What can affect the total payout of my Charlotte car accident claim?

First and foremost, the type of claim you file can affect the total award. If you agree to a settlement with the insurance company without consulting a Charlotte car accident lawyer first, the chances are very good that your total award will be lower. This is because insurance companies exist to make money, and they rarely offer a fair or just settlement. When you have legal counsel, however, those same companies may be more likely to offer a higher initial amount, because they recognize that you’re willing to fight for what is best for you.

The location of the accident and the specific jurisdiction in which you’re filing your claim can also play a role. Different jurisdictions have different laws and regulations governing personal injury claims. Some operate under “no-fault” systems that limit your ability to file a lawsuit, while others, such as North Carolina, adhere to fault-based systems (at-fault states) where the question of liability plays a significant role. The venue where your lawsuit is filed can also affect the outcome; some courts may be more favorable to plaintiffs in personal injury cases than others. Generally speaking, jurisdiction becomes a larger concern in cases involving commercial vehicles, where the company is based in a different state, or where the driver who hit you is from out-of-state. Our attorneys have plenty of experience with both of these scenarios, so we are prepared to help.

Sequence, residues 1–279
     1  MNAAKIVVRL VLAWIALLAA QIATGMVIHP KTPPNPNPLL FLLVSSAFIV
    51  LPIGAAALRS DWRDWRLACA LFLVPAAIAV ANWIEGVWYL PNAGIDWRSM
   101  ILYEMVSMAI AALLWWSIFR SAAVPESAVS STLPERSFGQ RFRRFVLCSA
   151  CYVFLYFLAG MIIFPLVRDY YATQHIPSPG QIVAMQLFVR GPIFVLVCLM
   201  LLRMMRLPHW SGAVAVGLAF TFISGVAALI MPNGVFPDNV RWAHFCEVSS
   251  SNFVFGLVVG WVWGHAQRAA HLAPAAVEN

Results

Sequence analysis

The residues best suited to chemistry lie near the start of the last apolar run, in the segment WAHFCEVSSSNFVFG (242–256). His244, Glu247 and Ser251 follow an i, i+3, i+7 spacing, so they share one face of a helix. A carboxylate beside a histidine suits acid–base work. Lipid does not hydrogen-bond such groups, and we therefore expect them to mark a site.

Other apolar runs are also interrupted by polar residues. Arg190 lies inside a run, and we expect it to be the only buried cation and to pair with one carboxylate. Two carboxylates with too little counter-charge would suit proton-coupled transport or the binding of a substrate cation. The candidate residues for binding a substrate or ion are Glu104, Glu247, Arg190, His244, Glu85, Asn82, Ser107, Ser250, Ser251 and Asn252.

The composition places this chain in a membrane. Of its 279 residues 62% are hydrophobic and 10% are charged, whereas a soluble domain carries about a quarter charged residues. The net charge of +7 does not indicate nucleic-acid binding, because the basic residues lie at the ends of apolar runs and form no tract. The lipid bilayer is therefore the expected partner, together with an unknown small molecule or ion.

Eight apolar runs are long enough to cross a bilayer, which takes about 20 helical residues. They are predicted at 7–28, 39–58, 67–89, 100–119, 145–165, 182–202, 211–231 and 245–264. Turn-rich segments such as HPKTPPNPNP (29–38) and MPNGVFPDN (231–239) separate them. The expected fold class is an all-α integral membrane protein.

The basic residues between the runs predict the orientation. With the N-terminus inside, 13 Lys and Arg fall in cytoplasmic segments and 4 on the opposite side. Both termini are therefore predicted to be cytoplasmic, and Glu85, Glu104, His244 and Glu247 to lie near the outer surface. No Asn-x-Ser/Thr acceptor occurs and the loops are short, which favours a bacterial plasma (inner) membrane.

The extent of your injuries is a fundamental factor in determining the compensation you may receive. More severe injuries often result in higher compensation.

Lost wages due to your injuries can also significantly impact your claim. If your injuries prevent you from working and earning income, you have the right to seek compensation for the wages you’ve lost during your recovery period. The duration and impact of your inability to work are important factors that affect the amount of compensation you may receive.

Non-economic damages like pain and suffering, emotional distress, and the loss of enjoyment of life are more subjective in nature and can vary based on the unique circumstances of your case. How you experience and cope with the physical and emotional repercussions of the injury can influence the overall damages you may be entitled to in a personal injury claim.

There are many factors that can affect how much you can claim in your lawsuit. That is why consulting with a personal injury attorney who can navigate these complexities and advocate for your rights is a good idea. At Price, Petho & Associates, we understand how tricky insurance policies and the legal process can be. We are experienced in handling personal injury claims and lawsuits for car crash victims and their loved ones. To schedule your free consultation to discuss your options, please call our office or complete our contact form today. We have offices in Charlotte, Rockingham, and Rutherfordton for your convenience.